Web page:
Voted St. Augustine’s Best Florist by the St. Augustine Record, Flowers by Shirley has been transforming palettes of flowers into contemporary and traditional masterworks of artful expression since 1973. Pitch woo at a crush's noggin as hard as you can with the Love in Bloom bouquet—a vase bursting with cream and white roses accented with pink snapdragons (starting at $38.99)—or thank a maternal unit for not trading you for magic beans with the Flourishing Garden basket, a jubilantly yellow mix of lilies, spray roses, daisies, and cowardly cartoon characters (starting at $39.99). Lovers of less high-maintenance plant life will prefer a decorative fern (starting at $39.99) to gussy up their dreary abandoned space station.
Selected a top furniture store in 2010 by the St. Augustine Record, Wholesale Furniture Outlet showcases over 6,000 square feet of dining-room, bedroom, and living-room accouterments from brands such as England by La-Z-Boy, Klaussner, Liberty, and Leather Italia USA. Raise relaxation and your feet to new heights in a leather recliner ($359+), or fall into perfect slumber with a new mattress set ($159+). A trove of comfy sofas ($379+) help cushion tough losses during football season, and a selection of end tables ($69+) can seamlessly pull a room together or foil burglary attempts when used to form an obstacle course.
Holly’s Nursery's botanical specialists aid the green-minded in adopting new leafy additions and perfecting lawn décor. The full-service nursery flourishes with a verdant populace of native plants and a wide selection of annual and perennial flowers, such as Endless Summer hydrangeas ($27.99/3 gal. pot) or Knock Out roses ($19.99+). Vibrant shrubs ($65) and an assortment of 15-gallon potted trees ($65) impart attractive textures to landscapes or shelter for escaped sea monkeys. Customers can also peruse Holly's organic vegetable garden and purchase edibles from its cache of fresh produce. Plant shipments arrive each week, filling the nursery with the ever-strident cries of newborn greenery.
It might be hard to believe considering its vast array of products, but Sears, Roebuck and Co. began with one accessory: watches. In 1886, Richard W. Sears bought a box of unwanted watches from a jeweler, thinking he could turn a profit by selling them. He was correct and committed to the watch business by hiring Alvah C. Roebuck, an experienced watchmaker.
As time went on, though, their business expanded its umbrella far beyond what people wore on their wrists. Sears became known as the place to shop for almost any appliance, from sewing machines to those magical boxes that create water from nothing and clean your clothes.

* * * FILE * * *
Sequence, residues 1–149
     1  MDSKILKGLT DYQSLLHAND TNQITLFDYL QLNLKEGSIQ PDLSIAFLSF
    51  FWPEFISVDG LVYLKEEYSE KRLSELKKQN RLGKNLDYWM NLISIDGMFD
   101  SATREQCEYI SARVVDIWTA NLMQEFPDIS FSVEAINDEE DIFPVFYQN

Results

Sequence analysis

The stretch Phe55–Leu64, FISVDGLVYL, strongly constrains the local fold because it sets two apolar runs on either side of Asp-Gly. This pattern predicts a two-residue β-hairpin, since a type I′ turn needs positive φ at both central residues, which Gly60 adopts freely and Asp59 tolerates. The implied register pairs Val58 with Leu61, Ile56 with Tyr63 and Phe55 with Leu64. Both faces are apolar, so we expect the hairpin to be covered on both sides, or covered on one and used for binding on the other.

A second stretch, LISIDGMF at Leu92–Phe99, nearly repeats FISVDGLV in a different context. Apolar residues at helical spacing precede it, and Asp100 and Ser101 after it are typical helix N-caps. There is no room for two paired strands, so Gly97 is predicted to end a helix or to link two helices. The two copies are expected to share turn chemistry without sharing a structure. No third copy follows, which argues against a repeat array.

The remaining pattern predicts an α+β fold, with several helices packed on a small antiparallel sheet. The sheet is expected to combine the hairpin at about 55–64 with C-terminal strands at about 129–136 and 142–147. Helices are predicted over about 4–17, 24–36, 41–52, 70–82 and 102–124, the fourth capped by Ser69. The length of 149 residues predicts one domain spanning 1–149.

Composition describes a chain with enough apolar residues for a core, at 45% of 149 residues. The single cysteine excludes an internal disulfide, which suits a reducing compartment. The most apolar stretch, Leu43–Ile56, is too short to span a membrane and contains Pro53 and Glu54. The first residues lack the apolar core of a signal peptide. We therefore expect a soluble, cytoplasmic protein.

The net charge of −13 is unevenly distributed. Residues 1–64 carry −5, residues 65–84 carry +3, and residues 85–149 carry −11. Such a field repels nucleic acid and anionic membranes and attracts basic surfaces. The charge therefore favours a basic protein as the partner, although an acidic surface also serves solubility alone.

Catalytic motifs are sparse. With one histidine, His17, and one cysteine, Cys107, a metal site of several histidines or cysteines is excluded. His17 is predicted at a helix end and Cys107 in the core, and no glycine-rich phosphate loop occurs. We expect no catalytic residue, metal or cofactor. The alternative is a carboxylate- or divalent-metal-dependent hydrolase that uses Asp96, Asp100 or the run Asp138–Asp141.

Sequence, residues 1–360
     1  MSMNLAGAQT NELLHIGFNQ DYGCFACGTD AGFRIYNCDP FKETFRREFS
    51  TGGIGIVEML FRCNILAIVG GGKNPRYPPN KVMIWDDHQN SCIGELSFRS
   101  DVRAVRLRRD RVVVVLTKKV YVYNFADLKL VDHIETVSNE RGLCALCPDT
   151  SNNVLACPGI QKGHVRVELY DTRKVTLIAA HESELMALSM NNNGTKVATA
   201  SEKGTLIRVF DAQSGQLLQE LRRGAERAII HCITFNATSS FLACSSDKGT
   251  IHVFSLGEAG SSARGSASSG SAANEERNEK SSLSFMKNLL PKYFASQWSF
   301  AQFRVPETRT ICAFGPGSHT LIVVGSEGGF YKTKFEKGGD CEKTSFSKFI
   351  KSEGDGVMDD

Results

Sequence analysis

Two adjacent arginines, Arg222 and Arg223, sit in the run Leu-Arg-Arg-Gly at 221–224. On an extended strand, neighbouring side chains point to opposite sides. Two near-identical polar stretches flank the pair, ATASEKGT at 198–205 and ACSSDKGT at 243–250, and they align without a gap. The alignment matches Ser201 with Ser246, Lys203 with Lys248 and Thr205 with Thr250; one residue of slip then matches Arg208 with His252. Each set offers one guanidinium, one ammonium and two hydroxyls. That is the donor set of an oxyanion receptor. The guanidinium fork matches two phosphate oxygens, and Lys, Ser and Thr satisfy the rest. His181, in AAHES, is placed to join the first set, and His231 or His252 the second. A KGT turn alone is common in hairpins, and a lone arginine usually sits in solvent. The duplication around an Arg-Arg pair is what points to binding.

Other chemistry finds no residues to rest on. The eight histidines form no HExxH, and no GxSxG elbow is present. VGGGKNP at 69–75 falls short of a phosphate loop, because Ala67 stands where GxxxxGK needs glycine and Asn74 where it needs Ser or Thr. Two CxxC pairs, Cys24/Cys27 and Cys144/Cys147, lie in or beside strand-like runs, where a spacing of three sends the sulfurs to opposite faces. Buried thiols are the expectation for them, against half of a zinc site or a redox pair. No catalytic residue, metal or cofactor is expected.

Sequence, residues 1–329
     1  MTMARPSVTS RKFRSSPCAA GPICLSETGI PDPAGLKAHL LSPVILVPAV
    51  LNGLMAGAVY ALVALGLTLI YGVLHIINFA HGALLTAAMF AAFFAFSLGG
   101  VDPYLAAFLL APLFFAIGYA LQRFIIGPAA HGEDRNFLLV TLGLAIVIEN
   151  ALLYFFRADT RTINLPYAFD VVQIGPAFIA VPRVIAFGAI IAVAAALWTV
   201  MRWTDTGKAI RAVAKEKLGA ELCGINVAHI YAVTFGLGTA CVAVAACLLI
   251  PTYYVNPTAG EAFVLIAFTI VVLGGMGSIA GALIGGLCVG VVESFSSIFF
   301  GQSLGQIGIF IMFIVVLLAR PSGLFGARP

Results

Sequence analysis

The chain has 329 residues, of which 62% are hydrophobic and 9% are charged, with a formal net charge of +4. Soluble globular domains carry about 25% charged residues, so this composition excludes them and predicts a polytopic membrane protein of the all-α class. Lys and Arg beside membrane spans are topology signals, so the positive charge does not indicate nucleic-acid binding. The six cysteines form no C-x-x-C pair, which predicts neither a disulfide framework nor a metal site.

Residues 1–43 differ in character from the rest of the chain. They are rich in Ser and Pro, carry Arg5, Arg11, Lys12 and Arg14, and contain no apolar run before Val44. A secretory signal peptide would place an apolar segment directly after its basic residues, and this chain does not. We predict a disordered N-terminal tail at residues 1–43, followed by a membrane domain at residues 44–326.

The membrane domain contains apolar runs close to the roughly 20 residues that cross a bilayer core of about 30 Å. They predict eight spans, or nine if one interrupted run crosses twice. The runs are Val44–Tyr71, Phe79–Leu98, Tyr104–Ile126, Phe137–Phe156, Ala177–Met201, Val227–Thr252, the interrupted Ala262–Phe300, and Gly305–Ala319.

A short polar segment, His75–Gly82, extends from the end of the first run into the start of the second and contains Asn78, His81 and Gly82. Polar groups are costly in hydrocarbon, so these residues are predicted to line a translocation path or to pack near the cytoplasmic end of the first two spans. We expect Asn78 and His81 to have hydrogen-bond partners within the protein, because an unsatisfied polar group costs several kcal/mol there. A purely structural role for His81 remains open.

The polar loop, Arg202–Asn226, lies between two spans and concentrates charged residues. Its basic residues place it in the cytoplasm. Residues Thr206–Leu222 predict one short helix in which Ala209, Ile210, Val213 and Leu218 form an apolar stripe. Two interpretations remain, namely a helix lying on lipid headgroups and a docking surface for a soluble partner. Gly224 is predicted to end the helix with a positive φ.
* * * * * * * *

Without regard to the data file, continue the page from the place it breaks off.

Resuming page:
Today, the stores stock clothing, accessories, electronics, kitchen equipment, tools for outdoor living, and home decor. This variety is sustained by Sears's proprietary brands—Kenmore, Craftsman, and DieHard, to name a few—and other national names that populate the shelves.
Speckled fish swim languidly through turquoise-blue water beneath an orange sky. Nearby, a pair of white cranes stretch their long necks toward the sun, and sea turtles glide past fronds of kelp looking for their lost keys. But this isn't an exotic animal sanctuary—rather, these natural scenes are captured in gleaming stained glass. The charming images are the work of the craftsmen at D & L Art Glass, a studio specializing in stained and leaded panes. They shape artistic pieces to adorn windows or doors, form colorful pendants, and etch eye-catching patterns into metal or stone surfaces. Instead of keeping their crystalline knowledge to themselves, the experts instruct others in the glass arts during classes and multiday workshops.
Though the titular owner of Crazy Dave's Music might tell you his music shop began with dragons and goblins, it really began with the even more fantastic 1980s. Years after assuming ownership of a failing Orange Park pawn shop, Dave realized that the most popular items in his inventory were always musical instruments. In keeping with the demand, he banded together with local musicians to turn his space into a fully realized music store. Construction crews renovated new rooms for live sound equipment and effects lighting, filled the old jewelry cases with pedals and microphones, and lined the walls with mixing equipment and synthesizers. Today, Dave's store still houses a menagerie of instruments and accessories. Shelves and corners filled with DJ gear and high-end guitars bear the logos of famous brands such as Fender, Moog, and Yamaha.